Simple Steps to Recruit and Retain the Best Talent During A Hot Job Market

By Mike Estep 

With the unemployment rate falling to an 18-year low, there is a shortage of talent, which has created a tough hiring environment for employers, and an attractive market for job searchers. In August 2018, released its midyear job forecast, indicating 60 percent of employers are hungry to hire full-time, permanent workers throughout the remainder of 2018. To attract top talent, companies are raising starting salaries, offering signing bonuses and providing unique benefits.

As the war for talent heats up, offering a range of voluntary benefits can be a solid strategy for companies aiming to differentiate themselves as the employer of choice. Especially since employees are feeling more of a financial burden as the health insurance market has shifted more responsibility to individuals, generating higher out-of-pocket costs and copays for them. Additionally, employees are now responsible for funding their own retirement and planning for contingencies. This means employees are looking for new ways to increase their financial security, and therefore value the benefits offered by their company. Guardian research shows that 68 percent of employees say that more than half of their financial security depends on workplace benefits.

This presents an enormous opportunity for companies to help employees find that extra level of health and financial security. It also requires thoughtful planning and a broker/consultant who has the expertise to help employers enhance their employee benefits strategy.

The Right Voluntary Benefits Strategy

According to Guardian’s 4th annual Workplace Benefits Study, 88 percent of employers indicate that voluntary benefits are an important part of their overall employee benefits strategy. Given that employees are motivated to make the most of their workplace benefits, it’s important that employers offer options that serve a wide range of circumstances and needs. Voluntary products are an effective way for companies to offer employees benefits at a reduced cost, while enabling employees to get protection that meets their specific needs.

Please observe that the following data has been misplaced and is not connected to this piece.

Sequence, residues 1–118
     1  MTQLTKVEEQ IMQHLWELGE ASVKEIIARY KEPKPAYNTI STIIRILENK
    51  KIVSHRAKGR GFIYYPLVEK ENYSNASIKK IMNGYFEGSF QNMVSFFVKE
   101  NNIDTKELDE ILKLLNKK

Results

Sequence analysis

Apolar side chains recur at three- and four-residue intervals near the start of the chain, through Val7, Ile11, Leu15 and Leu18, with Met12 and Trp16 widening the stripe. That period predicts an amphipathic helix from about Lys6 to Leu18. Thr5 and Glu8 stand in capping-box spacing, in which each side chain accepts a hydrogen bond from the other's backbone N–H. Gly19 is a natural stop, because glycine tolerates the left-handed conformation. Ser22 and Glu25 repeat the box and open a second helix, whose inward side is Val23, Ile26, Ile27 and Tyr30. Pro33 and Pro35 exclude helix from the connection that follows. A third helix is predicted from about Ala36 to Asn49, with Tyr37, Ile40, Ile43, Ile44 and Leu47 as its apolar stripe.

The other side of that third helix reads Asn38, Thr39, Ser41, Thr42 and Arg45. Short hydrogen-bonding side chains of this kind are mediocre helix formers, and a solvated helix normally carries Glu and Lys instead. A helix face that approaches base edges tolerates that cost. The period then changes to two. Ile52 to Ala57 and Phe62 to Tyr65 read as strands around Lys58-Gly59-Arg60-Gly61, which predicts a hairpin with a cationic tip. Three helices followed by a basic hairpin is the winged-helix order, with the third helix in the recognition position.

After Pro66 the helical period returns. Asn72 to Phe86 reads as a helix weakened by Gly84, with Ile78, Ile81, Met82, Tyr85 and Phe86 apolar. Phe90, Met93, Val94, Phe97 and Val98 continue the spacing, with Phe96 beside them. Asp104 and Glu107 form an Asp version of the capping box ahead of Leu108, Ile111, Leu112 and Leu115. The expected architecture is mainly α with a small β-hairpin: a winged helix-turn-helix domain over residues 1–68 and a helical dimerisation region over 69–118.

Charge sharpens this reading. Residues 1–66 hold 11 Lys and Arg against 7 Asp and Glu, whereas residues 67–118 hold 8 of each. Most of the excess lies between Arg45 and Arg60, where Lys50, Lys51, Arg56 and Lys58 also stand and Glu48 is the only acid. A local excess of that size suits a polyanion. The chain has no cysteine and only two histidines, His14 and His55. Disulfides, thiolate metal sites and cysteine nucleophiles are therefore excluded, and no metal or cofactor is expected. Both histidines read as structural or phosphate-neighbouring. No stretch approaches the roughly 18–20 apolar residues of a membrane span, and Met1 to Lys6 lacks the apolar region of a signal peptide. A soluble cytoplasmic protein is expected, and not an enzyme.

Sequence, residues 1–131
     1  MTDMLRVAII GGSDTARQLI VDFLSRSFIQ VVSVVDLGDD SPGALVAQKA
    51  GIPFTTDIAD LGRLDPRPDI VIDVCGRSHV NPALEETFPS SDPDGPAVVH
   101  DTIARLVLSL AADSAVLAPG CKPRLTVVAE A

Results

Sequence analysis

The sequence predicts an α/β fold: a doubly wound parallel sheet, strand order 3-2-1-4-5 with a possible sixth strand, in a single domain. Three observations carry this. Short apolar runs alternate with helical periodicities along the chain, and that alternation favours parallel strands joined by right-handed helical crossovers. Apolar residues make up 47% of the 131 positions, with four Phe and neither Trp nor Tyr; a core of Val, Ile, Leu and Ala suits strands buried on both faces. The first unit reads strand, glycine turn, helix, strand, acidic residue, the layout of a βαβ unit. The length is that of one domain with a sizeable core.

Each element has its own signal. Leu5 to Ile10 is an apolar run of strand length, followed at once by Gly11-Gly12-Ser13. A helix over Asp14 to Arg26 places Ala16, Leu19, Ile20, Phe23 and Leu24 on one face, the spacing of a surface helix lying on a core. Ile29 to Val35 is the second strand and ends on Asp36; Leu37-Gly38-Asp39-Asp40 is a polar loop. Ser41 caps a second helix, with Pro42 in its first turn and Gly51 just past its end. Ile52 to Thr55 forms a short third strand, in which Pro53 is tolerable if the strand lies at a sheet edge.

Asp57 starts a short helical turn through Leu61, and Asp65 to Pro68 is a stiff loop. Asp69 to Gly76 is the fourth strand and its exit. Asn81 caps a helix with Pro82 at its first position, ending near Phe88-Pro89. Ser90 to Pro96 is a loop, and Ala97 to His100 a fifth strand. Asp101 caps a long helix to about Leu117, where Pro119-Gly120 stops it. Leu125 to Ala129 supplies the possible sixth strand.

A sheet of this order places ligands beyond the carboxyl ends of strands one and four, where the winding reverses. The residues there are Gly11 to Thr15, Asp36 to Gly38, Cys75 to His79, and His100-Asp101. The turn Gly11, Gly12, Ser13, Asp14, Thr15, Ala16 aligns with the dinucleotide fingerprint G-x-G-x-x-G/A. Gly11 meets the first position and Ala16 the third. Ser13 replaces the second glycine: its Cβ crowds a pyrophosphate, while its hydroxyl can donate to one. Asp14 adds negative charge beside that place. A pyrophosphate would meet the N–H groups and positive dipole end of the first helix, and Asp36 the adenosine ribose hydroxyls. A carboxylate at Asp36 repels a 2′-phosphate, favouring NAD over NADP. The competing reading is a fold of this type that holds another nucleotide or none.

This is where a well-thought out voluntary benefits strategy comes into play. A solid strategy should focus on meeting the needs of employees who are seeking more choices with their benefit plans to meet their financial needs. To do this, we recommend that brokers consider the following:

  1. Know the Workforce: Use consumer insights and trends to see what employees want as part of their overall benefits plan in order to best counsel employers. This should also include the demographics of the workforce and where they are in their life stages, which could influence the type of products that will be more popular.
  2. Voluntary Benefits Employer Strategy: Key components of the strategy should include types of products that exist in the marketplace and how they can increase an employees’ financial security; consumer insights highlighting what products are popular and why; a benefits enrollment and communication strategy; and finally, an action plan for employers that is customizable.
  1. Partner with the Right Carriers: Identify carriers that are experts in the marketplace and can help provide employers with end-to-end support (enrollment, administration), as well as show the positive impact on their business growth. A recent Eastbridge Study showed that 92 percent of respondents strongly agreed that carriers are adding more features, benefits or options to their voluntary products underscoring the need to understand the changes in the marketplace as it relates to products.

Having a solid strategy in place, along with understanding the array of voluntary benefits products available will help employers meet the diverse financial protection and security needs of their clients’ workforces. Traditional non-medical insurance plans will round out an employers’ healthcare offerings and offer valuable income protection for employees who are temporarily unable to earn a salary. These products include dental, vision, life and disability insurance.